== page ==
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What model for regulating employee discipline and grievances most effectively supports the policy objective of partnership at work and enhanced competitiveness?

Hood, Benjamin David (2011) What model for regulating employee discipline and grievances most effectively supports the policy objective of partnership at work and enhanced competitiveness? PhD thesis, The London School of Economics and Political Science (LSE).

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Abstract

This thesis endeavours to answer the following question: is there a viable and workable model for regulating workplace grievances and disciplinary action (EDG), the end objective of which is enhanced business competitiveness by encouraging partnerships at work, or greater levels of organisational commitment behaviour? This thesis argues that the answer to that question may be yes, if the regulation applied can encourage employers to deal with EDG in a way that employees are likely to perceive as fair. This is a challenging objective for law makers. Current regulation of EDG does not and probably cannot achieve the high levels of fairness perception that the partnership model requires. This thesis argues that, in order to rectify this problem, there must be a shift away from formulating employment regulation with a blinkered eye on worker protection, and towards a more sophisticated model which views worker protection against unfair treatment as beneficial in-so-far as it promotes fairness perceptions, and the resulting benefits of a productive and innovative workforce. This recalibration of the regulatory compass calls for a legal framework which allows the parties to formulate a reflexive and self-regulating approach to EDG; a framework according to which the parties will work to prevent and resolve disputes in a manner which accounts for their particular working environment, and the unique circumstances of each dispute or grievance. The new regulatory model that is proposed in this thesis will provide employers with the opportunity to be immune from the tribunals‘ jurisdiction relating to EDG. Immunity will apply where the employer can demonstrate that they have in place and follow certain methods and practices for managing EDG which are likely to lead to fairness at work, and therefore a higher degree of fairness perceptions.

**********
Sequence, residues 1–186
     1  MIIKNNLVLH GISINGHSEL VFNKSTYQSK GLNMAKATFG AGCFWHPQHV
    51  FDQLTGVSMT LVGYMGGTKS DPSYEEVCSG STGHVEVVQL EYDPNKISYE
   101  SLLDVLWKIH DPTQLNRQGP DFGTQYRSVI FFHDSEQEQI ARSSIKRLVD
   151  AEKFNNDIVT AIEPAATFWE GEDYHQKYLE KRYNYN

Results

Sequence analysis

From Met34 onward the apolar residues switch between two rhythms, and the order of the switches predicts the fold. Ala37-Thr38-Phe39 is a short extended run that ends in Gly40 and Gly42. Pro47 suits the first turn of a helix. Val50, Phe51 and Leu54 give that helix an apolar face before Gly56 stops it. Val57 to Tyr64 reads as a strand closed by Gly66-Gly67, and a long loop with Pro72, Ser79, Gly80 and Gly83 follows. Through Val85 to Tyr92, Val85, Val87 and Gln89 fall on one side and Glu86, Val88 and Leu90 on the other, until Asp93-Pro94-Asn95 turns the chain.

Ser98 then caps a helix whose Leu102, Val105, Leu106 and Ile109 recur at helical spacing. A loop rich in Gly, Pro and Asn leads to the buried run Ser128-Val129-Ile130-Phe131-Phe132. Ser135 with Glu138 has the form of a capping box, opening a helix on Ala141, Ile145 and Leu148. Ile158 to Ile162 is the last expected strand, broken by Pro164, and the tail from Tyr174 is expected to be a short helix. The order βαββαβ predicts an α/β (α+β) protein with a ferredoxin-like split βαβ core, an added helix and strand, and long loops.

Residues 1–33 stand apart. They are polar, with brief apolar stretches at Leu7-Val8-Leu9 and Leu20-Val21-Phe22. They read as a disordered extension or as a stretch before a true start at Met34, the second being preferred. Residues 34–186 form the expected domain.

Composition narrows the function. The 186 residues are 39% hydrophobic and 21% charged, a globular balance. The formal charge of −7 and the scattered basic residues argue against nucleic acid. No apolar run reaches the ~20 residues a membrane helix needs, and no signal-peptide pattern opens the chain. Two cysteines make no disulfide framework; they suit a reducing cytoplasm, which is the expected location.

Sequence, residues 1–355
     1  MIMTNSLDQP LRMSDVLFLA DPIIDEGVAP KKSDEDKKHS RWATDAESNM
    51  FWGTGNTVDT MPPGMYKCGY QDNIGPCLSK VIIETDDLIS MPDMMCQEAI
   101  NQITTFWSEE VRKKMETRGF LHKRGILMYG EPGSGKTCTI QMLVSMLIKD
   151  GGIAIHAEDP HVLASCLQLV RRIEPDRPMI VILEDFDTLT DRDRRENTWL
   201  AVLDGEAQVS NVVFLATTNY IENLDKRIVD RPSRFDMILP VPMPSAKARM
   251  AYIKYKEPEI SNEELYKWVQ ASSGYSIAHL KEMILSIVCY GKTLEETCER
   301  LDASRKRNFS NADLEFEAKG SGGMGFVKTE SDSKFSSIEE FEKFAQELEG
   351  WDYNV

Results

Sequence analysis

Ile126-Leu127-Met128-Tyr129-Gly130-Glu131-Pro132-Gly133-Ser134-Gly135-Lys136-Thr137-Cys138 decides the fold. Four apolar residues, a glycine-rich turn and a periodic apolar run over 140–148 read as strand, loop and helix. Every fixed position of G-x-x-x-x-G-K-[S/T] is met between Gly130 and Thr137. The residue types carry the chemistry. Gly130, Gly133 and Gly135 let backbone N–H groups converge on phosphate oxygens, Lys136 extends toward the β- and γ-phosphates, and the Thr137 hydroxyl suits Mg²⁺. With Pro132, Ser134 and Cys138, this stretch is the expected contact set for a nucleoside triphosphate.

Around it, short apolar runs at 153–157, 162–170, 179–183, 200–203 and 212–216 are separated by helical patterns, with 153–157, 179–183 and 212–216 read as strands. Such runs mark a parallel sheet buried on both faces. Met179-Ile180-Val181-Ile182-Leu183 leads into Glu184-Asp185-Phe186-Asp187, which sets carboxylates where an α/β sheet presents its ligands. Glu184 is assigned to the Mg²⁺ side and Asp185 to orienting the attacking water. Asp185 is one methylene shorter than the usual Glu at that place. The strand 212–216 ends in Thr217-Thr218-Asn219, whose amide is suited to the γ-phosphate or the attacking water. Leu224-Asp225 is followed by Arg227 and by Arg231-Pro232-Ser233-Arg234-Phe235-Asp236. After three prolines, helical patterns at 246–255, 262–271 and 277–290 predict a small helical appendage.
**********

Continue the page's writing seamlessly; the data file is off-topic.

Item Type: Thesis (PhD)
Additional Information: © 2011 David Benjamin Hood
Library of Congress subject classification: K Law > K Law (General)
Sets: Departments > Law
Supervisor: Collins, Hugh
URI: http://etheses.lse.ac.uk/id/eprint/179

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